Also, the entire 5 years must not have been interrupted. The squatter must not have abandoned the property at any time.

If they did, even for some few weeks, they may lose their right to claim the property adversely. (CCP § 318325).

interior of a property

Requirement 2: Hostile Claim

In order to file an Adverse Possession claim, a squatter must occupy your property in a specific way for them to have rights as a squatter.

Their occupation must be ‘hostile.’ Different states have different definitions of what ‘hostile’ means. California uses ‘Simple Occupation’ to define ‘hostile.’

This means that the squatter doesn’t even have to know who the property belongs to.

Requirement 3: Open & Notorious Possession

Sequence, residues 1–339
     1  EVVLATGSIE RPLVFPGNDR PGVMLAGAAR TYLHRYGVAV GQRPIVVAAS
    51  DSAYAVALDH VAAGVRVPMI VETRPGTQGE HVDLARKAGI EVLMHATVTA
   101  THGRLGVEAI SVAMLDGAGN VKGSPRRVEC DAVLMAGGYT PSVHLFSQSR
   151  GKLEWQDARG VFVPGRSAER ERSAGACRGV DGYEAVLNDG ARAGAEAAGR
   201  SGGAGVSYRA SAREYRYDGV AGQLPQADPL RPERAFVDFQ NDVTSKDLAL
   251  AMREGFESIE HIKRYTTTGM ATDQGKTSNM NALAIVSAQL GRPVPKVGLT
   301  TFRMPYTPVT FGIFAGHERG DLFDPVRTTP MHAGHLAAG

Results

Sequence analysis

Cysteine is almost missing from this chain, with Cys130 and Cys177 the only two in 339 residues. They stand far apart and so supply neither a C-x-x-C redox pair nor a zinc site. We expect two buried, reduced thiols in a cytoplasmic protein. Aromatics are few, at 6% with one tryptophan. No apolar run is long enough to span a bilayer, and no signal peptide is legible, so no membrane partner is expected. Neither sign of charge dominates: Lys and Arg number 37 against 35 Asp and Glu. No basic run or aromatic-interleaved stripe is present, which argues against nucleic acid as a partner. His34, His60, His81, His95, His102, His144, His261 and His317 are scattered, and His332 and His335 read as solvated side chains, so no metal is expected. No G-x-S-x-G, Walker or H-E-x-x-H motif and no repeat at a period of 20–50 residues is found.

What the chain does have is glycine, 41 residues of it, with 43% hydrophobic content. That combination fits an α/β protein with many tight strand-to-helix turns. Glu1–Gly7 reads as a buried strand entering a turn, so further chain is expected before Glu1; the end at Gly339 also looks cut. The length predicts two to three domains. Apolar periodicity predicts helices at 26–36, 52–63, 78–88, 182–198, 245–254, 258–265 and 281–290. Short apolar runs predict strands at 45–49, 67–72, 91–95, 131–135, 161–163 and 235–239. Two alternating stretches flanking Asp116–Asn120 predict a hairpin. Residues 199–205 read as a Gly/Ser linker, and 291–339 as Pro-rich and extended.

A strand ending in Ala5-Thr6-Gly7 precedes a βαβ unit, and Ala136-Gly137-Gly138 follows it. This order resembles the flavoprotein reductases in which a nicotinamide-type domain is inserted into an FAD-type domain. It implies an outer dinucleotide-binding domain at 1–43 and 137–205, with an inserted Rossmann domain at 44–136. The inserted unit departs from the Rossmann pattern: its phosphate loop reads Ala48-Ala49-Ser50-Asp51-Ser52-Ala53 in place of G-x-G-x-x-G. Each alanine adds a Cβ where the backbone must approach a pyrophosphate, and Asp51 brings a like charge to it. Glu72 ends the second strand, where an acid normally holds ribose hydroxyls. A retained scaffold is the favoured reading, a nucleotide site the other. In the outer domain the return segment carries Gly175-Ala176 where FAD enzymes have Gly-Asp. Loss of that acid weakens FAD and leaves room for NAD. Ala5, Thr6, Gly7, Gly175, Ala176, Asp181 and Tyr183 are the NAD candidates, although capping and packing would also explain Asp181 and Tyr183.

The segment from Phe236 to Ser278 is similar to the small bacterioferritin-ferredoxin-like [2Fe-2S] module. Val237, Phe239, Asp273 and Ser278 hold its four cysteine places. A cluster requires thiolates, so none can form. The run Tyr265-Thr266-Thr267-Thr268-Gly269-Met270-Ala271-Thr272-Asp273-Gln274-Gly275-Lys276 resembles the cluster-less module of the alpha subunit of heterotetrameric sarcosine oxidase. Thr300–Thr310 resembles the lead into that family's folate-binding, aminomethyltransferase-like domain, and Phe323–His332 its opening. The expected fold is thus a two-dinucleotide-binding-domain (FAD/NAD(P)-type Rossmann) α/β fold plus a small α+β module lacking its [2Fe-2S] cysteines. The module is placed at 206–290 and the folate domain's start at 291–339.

For an Adverse Possession claim, the occupation must be ‘Open & Notorious Possession.’ Under this requirement, the squatter must not try to hide the fact that they are occupying the property. They must make it obvious to anyone that they are the ones living there.

Requirement 4: Exclusive Possession

In order to file an Adverse Possession claim, the squatter must also be the only one possessing the property. They must not share it with anyone else, including other tenants or even the actual property owner.

Requirement 5: Actual Possession

The other requirement for an Adverse Possession claim is that the squatter must be able to prove actual possession. The squatter can prove this by providing documentation of their maintenance efforts. Landscaping, for example, is an example of what can constitute actual possession.

Do Squatters in California Have to Pay Property Taxes?

Under California law, a squatter must be paying property taxes in order to claim adverse possession. If they haven’t been paying the necessary property taxes, bills, and fees required to maintain the property, then they may not be able to file an adverse possession claim.